It's the same old story: when I first voted as a high school senior, I cast my ballot confident in a platform I liked. Four years later (this time, as a college senior) I cast my ballot again; but this time my confidence lies not in knowing what I like, but what I don't like. The Obama campaign has given little indication of a thoroughly constructed vision, although there are scraps of ideals. But, though I don't find Mitt Romney entirely egregious, I find the theater surrounding his campaign to be entirely egregious -- and, as a woman, very threatening.
The playwright Anton Chekhov is quoted as advising writers not to put a gun on the wall in the first act if it's not going to go off by the second or third act. The essence of the trope is: don't have unnecessary details in a story. Or, put otherwise: why have something present now if it is not going to be a plot device later on? And this is what I suspect to be true of the Republican Party's relationship with women.
Attitude, when placed squarely on the front porch of the party, is indicative of agenda.
The most recent insult, of course, came from Rep. Todd Akin, who described pregnancy from rape as rare because pregnancy couldn't occur under conditions of "legitimate rape." It was a flagrantly inaccurate comment that quickly caused most of the Republican Party, including Mitt Romney, to disown him. But what makes the comment so disheartening is that it is couched in a year of such comments. Last spring the term "war on women" came into vogue as the Republican Party unbarreled a series of laws that would cut back on women's access to health care, equal pay and protection for victims of domestic violence. We were told that it was crazy to us to respond with the extreme language of "war." We were also told, shortly thereafter, that it was indecorous to say "vagina" in a discussion about vaginas.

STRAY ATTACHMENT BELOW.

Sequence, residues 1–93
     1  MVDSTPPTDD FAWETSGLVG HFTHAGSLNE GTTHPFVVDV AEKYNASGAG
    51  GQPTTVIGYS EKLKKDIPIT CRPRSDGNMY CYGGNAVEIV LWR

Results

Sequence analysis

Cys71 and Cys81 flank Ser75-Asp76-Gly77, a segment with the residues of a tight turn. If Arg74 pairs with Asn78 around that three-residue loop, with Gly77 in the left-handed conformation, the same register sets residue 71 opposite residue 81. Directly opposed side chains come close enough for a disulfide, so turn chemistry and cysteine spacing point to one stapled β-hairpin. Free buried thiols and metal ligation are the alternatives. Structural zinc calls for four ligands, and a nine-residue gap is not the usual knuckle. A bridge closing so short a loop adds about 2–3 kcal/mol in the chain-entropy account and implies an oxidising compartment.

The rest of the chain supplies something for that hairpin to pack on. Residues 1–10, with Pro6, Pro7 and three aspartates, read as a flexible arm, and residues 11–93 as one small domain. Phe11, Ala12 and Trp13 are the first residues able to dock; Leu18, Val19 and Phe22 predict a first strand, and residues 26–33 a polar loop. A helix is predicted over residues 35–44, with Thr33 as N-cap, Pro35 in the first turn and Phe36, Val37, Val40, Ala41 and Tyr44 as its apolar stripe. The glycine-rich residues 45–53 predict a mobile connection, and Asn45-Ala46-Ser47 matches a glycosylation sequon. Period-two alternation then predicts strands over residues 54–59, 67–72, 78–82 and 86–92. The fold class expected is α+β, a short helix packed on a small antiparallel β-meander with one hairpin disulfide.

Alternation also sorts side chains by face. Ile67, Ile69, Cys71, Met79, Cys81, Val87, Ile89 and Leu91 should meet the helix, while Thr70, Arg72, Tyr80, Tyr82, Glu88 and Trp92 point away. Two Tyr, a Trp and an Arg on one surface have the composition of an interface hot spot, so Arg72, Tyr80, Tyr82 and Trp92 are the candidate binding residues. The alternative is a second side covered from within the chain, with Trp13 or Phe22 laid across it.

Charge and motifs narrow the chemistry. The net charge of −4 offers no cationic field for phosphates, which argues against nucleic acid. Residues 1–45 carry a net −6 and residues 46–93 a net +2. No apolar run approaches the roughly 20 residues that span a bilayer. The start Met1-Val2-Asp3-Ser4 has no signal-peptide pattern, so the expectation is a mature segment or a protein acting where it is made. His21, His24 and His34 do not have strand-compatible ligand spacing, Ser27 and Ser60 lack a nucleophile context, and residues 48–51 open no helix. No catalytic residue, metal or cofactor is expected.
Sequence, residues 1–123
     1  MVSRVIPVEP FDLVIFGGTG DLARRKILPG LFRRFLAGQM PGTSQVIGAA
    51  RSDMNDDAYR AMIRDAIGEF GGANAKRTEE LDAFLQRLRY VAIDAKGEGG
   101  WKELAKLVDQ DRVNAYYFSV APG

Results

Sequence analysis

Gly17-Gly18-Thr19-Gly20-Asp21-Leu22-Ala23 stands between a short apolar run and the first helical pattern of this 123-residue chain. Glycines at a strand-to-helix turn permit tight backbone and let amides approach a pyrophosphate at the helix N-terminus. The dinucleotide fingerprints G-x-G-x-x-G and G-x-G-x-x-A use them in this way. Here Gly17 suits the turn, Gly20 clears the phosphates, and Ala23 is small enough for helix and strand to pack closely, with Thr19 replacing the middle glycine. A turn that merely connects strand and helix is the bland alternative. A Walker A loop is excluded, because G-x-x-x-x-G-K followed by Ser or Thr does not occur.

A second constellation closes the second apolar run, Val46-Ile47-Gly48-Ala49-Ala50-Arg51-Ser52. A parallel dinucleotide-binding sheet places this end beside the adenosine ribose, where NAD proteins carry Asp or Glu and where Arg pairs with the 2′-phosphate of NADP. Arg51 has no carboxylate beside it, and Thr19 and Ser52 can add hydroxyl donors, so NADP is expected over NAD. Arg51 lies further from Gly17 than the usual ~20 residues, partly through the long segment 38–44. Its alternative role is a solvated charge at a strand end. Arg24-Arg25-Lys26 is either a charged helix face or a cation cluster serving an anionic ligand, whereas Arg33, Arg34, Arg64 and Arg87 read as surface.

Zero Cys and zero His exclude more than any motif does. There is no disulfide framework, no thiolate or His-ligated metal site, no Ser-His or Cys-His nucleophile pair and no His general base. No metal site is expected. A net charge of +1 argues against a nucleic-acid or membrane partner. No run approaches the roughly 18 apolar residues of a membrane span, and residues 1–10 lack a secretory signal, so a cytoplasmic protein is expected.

According to Rep. Reince Priebus, using the term "war on women" is as fictious as a "war on caterpillars," a belittling comparison that makes feelings of attack seem an Alice-in-Wonderland flight of imagination and does nothing to actually abate concern.
The litany of insults toward women -- in a time, when, frankly there are many other issues we could be fighting about, rather than making gender a partisan cause -- is the gun on the wall.
Why should conservatives behave in a hostile manner toward women if it's not indicative of a larger worldview that thoroughly misunderstands the human experience? The profoundly ignorant rhetoric surrounding women this year has created a deep-seated distrust of the Republican Party in this young woman, as well as for many women I know.
It may not be fair to consider Rush Limbaugh the primary mouthpiece of conservatism, but once Kevin Williamson wrote a cover article in the National Review about how Mitt Romney is biologically superior to Barack Obama because he has sons -- well, I think it's pretty fair to say the kind of levity both men use is pretty standard. When I read election literature like that, I don't find it to be chummy cultural fare. All I am reminded of is the bosses I have had or the men I have served while waitressing that brush up against my side, crack jokes about women and then lean back in their seat, smoothing Romney-esque helmets of silver hair. "It's all jokes, hon." They say. "Lighten up." Neither rhetoric nor laws can be understood in isolated terms. Politics is narrative, and each actor has to be taken into account of the plot.
I was raised in jean-skirt conservatism, not Volkswagon liberalism and I would like to offer a mediated vote this November, one that winnows through the issues carefully the way I was raised. After all, I know from experience that conservatism need not necessarily be equated with paternalism, the way that Williamson seems to suggest. Although my family reflects Republican clichés -- a sprawling family, which can only be described as resembling a home-schooled family out of a hypothetical Wes Anderson film, that closely resembles the Romney clan, minus all the real estate, money and tans -- the expectations for intellect and candor are equal, which is why I came to develop the political ideology that I did.
But there was no such chance for mediation between political parties: early on in the election, conservatives made it clear where their priorities lay. And now, with a gun hanging on the wall that represents an increasingly regressive worldview about women, I can only vote one way. Throughout the election, Obama has retained the vast majority of the female vote. And that's something that could make all the difference in the next two months.
Because I suspect that most women, like me, don't want to wait until the second act to see whether or not the gun goes off, or to which direction it fires. The shadow on the wall is warning enough.